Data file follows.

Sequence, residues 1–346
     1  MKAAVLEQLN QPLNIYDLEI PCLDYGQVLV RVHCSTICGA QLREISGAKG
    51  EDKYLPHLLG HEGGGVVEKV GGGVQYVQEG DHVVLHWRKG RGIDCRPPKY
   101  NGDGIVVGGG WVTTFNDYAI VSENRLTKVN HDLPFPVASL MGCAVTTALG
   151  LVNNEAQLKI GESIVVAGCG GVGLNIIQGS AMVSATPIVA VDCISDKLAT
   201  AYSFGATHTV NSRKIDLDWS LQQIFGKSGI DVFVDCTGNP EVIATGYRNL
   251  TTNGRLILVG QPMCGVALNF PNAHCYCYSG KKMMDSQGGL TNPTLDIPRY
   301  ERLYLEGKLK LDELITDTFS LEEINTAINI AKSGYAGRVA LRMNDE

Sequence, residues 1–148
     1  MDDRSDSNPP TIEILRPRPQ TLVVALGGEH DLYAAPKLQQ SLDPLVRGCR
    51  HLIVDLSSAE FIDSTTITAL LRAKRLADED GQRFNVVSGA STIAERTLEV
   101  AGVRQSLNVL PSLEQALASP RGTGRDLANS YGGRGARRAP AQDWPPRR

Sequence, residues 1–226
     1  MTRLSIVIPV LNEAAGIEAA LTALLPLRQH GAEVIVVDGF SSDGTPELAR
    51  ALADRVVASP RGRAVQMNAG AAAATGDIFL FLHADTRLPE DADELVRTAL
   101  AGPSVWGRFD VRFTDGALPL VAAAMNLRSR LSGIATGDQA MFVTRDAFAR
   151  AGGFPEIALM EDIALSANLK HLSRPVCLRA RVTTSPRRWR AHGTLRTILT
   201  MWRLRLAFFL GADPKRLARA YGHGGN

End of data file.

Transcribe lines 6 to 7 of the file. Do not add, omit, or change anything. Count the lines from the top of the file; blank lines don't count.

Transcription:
   201  AYSFGATHTV NSRKIDLDWS LQQIFGKSGI DVFVDCTGNP EVIATGYRNL
   251  TTNGRLILVG QPMCGVALNF PNAHCYCYSG KKMMDSQGGL TNPTLDIPRY